China’s Labor Revolution: Foxconn Replaces ‘60,000 Factory Workers With Robots’

Industrial robots at work in Kushan Daya Auto Parts Company. SCMP Pictures
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TN Note: Six hundred companies in the Jaingsu province are axing headcount by replacing jobs with robots. This tsunami is headed straight for American shores, and promises to devastate the U.S. labor market. Just ask yourself the question: “What company would not employ robots to stay competitive with other companies who already did it?” The answer is every single one. If business were anything other than profit-driven, there might be ethical concerns about what this will do to society. Business is cutthroat, unfortunately, and would gladly sell anybody’s job for a small differential. Remember also that China is already a Technocracy in many areas, especially in manufacturing.

The manufacturing hub for the electronics industry, Kunshan, in Jiangsu province, is seeking a drastic reduction in labour costs as it undergoes a makeover after an industrial explosion killed 146 people in 2014.

he county, one-seventh the size of neighbouring Shanghai and the mainland’s first county to achieve US$4,000 per capita income, was adjudged the best county for its economic performance by Forbes for seven years in a row.

However, the blaze, blamed on poor safety standards and haphazard industrialisation, dented Kunshan’s pride.

More than a year on, the county, which attracts much of its investment from Taiwan, is trying to reinvent its growth strategy. It is accelerating growth by replacing humans with robots and encouraging start-ups.

Thirty-five Taiwanese companies, including Apple’s supplier Foxconn, spent a total of 4 billion yuan (HK$4.74 billion) on artificial intelligence last year, according to the Kunshan government’s publicity department.

“The Foxconn factory has reduced its employee strength from 110,000 to 50,000, thanks to the introduction of robots. It has tasted success in reduction of labour costs,” said the department’s head Xu Yulian.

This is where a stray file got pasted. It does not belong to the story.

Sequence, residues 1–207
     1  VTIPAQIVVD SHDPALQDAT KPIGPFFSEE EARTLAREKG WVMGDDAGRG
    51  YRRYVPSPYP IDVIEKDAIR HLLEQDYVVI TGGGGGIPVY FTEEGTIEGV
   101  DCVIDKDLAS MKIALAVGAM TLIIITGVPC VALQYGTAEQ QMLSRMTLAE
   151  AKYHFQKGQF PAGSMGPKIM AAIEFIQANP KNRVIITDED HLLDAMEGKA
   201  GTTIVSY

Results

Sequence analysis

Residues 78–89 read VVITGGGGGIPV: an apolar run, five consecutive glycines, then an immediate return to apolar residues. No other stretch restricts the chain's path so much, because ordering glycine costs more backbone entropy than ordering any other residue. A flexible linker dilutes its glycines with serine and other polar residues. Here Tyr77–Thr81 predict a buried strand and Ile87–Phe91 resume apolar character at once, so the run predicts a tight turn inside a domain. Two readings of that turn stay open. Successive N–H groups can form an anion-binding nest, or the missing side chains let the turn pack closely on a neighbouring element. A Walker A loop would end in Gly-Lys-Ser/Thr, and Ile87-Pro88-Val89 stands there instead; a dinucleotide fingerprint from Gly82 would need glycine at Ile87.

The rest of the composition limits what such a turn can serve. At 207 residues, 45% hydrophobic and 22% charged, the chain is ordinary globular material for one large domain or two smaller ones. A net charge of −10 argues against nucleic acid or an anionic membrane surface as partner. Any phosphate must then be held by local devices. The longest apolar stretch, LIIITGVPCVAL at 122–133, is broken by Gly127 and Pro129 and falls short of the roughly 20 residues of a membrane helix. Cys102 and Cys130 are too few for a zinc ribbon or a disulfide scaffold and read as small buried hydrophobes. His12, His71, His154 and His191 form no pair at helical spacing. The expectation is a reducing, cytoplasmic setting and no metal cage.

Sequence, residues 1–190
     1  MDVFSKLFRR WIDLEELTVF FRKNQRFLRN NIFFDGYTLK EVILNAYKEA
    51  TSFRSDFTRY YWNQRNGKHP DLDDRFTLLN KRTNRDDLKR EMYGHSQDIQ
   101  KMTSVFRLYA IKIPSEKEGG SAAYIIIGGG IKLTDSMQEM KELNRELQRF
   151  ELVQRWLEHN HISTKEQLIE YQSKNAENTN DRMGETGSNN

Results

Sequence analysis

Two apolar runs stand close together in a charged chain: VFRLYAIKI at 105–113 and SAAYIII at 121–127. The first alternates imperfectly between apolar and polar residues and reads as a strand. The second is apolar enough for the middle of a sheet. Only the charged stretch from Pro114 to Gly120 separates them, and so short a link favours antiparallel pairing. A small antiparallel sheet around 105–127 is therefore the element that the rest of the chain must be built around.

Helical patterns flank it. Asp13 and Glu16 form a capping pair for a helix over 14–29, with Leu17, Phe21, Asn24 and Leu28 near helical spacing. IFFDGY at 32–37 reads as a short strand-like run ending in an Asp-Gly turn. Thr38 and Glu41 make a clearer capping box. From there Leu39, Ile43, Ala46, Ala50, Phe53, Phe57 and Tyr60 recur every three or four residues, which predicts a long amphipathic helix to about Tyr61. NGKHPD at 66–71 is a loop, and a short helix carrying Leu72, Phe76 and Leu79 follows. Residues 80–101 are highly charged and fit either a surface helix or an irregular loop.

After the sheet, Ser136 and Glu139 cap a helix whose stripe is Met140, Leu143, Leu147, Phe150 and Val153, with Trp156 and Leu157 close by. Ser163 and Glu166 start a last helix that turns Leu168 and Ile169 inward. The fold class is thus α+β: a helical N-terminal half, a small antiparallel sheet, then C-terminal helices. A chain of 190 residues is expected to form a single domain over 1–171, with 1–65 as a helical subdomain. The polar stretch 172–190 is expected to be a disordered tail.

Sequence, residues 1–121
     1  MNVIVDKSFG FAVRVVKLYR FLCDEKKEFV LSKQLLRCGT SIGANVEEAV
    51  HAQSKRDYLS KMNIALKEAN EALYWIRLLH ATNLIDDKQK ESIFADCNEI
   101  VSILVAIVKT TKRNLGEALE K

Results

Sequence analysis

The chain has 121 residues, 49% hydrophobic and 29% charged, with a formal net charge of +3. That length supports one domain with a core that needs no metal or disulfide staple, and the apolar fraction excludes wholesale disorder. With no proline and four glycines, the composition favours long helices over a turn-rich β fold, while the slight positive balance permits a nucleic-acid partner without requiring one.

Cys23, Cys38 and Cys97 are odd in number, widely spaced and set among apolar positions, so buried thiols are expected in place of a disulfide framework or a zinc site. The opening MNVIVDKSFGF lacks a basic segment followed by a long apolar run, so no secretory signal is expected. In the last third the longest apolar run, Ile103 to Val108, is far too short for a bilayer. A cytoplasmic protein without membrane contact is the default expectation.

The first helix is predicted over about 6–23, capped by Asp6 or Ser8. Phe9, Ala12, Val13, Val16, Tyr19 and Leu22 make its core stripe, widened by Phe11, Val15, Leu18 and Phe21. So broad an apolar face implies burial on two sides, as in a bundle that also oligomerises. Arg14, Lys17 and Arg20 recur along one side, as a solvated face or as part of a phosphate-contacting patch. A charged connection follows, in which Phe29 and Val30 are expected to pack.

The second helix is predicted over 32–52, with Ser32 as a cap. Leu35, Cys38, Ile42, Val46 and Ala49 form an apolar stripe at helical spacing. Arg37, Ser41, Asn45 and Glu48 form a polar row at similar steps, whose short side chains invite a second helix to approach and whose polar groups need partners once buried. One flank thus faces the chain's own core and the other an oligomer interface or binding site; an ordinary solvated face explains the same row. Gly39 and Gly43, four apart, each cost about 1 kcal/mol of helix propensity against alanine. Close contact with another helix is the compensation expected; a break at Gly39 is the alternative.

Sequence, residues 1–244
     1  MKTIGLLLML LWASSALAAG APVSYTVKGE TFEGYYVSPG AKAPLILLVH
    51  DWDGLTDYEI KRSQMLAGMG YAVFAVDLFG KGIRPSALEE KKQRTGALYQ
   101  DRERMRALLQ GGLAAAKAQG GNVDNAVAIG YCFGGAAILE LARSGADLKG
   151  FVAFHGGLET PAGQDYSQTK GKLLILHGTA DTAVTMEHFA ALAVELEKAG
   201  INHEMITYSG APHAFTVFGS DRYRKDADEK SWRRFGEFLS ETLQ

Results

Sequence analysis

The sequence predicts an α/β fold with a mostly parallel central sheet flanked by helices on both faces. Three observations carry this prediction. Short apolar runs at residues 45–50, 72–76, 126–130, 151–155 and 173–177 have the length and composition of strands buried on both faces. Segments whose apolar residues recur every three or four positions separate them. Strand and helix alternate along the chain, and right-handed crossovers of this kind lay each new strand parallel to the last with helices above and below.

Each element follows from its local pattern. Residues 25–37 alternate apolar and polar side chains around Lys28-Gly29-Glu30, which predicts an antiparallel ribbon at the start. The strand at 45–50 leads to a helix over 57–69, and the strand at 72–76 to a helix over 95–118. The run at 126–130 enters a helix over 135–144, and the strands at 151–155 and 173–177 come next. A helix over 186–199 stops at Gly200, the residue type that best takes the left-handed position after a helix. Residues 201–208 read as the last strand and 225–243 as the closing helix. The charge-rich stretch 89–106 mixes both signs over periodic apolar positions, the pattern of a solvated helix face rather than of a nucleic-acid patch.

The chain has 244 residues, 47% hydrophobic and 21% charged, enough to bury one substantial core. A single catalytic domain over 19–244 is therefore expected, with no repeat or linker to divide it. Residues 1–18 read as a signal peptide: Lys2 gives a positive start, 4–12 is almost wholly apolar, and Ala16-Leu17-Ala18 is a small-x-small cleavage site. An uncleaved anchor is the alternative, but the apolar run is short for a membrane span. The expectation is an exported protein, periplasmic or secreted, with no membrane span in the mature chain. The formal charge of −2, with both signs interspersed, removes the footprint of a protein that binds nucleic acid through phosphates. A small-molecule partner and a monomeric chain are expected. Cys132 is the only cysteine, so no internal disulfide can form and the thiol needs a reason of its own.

“More companies are likely to follow suit.”
As many as 600 major companies in Kunshan have similar plans, according to a government survey.

The job cuts do not augur well for Kunshan, which had a population of more than 2.5 million at the end of 2014, two-thirds of whom were migrant workers.

Factories and other buildings cover about 46 per cent of the land – a figure which is far higher than the cap set by the central ­government.

The local government, which was reshuffled after the blast, has promised to maintain zero growth in land development and decrease its population by 2020.
Kunshan’s latest growth figure is far from impressive.

The county grew by less than 3 per cent in 2014 and 2015 amid the central leadership’s bid to restructure the world’s second largest economy into a greener, more tech-intensive one.

Xu Xujiong, head of a local firm, Huaneng Welding, reflected on the hard times faced by the local units owing to the transition.
“Our profits dipped sharply over the past year,” he said.

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This is the wave of the future! We will have products made which represent a tiny fraction of the work-hours which were formerly need to produce them. We shall want to consider how we are going to let those who become unemployed survive when their labor is not needed.

Patrick Wood

Walter, you cannot afford to be naive about the 4th Industrial Revolution, aka Sustainable Development, Green Economy or Technocracy. Greedy corporations only want profits. Human consideration is not in their thinking. For short-term benefits to the bottom line, they see no problem in installing robots who are economically intert. With 35% of the American workforce having left the job market altogether, how much more displacement can we suffer without total implosion? The fact is, everywhere that Sustainable Development is seen being put into practice, it is creating pockets of economic destruction. I would encourage you to read my book, Technocracy… Read more »

Ray Songtree

Obviously, unemployed people can’t afford products. I hope everyone understands that wireless frequencies, and mandatory vaccines, and dangerous foods are already deployed so that there won’t be unemployed people, they won’t be here. It doesn’t matter whether we agree or not, the future for our families is survival, not prosperity. The correct action is unplugging and local self-sufficiency, in my opinion. Thanks to Pat for helping us see the dangers.